Similarly, workforce processes will evolve. The question no longer seems to be whether or not a job can be done remotely, but rather how that job can best be performed in a remote setting. While not as essential as doctors and nurses, organizations across the globe have experienced the realization that they provide essential services, no matter if everyone is working from home or not! At Northern Trust, for example, we found very quickly that our increased adoption of new technologies and digitization enhancements enabled us to adapt to the emerging needs of our clients and employees quickly and shift into a new business as usual state. The flexibility offered by new technologies will change work from home policies and perceptions as well as employees’ expectations for time spent physically in the office.

With process changes of this magnitude, it’s important for organizations to think about their impact on the emotional well-being of employees. Equally, if not more important than procedural and physical changes to the workplace, is something that’s intangible: culture. It’s paramount for us to recognize that, amidst all of this rapid and evolving change around us, the one constant in the mix is us, as humans. While the schematics and blueprints of how we operate our businesses will be redrawn, they will only work if the people within them remain motivated, connected, and engaged with the vision and mission of the organization.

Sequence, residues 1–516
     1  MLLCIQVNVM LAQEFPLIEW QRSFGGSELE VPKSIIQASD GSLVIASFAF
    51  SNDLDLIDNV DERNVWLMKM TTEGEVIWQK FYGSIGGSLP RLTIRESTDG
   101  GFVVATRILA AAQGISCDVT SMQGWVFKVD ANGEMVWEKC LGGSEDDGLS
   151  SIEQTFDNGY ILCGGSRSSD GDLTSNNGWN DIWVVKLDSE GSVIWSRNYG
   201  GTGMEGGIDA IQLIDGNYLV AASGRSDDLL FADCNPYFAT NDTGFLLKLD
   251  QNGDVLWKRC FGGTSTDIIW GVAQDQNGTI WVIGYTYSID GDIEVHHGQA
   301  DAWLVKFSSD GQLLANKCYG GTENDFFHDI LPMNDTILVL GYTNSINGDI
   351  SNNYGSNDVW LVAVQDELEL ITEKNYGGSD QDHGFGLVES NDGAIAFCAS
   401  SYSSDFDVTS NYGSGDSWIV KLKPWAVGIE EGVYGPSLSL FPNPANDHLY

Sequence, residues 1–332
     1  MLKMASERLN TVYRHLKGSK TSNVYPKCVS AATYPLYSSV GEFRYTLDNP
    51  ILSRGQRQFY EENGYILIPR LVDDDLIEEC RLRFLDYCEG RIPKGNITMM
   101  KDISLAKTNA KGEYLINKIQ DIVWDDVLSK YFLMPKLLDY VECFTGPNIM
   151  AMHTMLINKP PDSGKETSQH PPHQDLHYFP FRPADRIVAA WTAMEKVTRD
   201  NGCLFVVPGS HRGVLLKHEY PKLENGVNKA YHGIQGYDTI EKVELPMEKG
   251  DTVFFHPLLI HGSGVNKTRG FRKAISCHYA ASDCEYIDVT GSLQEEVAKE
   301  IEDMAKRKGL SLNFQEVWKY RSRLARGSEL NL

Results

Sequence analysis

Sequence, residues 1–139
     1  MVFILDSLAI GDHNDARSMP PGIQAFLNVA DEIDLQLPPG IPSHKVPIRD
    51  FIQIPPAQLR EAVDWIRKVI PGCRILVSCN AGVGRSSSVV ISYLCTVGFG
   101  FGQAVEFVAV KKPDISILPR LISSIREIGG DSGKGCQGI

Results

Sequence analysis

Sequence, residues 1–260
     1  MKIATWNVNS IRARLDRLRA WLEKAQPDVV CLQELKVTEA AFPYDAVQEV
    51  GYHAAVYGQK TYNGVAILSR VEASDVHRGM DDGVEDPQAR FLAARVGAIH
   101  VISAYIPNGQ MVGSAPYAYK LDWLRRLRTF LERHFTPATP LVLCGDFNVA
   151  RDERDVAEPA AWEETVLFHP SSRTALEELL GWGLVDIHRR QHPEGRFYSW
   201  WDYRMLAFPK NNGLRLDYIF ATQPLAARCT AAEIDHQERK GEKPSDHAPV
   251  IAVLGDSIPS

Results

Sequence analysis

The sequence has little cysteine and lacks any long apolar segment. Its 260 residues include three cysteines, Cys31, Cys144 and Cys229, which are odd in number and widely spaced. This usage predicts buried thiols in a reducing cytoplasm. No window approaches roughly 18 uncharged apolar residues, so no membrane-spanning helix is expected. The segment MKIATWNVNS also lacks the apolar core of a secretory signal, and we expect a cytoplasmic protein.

Culture is and always should be at the heart of what we do. Decreased face-to-face interaction will test and challenge the strength of our cultures. Employee engagement and the feeling of unity are without a doubt more challenging to achieve when we are all separated. Organizations must find ways to retain their core cultural values as they define the “new normal”.

So how do organizations ensure that culture is not lost as a result of physical and structural changes to our offices and workplace processes? I don’t have all of the answers, but I believe that a critical component includes an enhanced focus on your workforce and leadership, and a combination of work from home and in-person collaboration will be the wave of the future.

The Workforce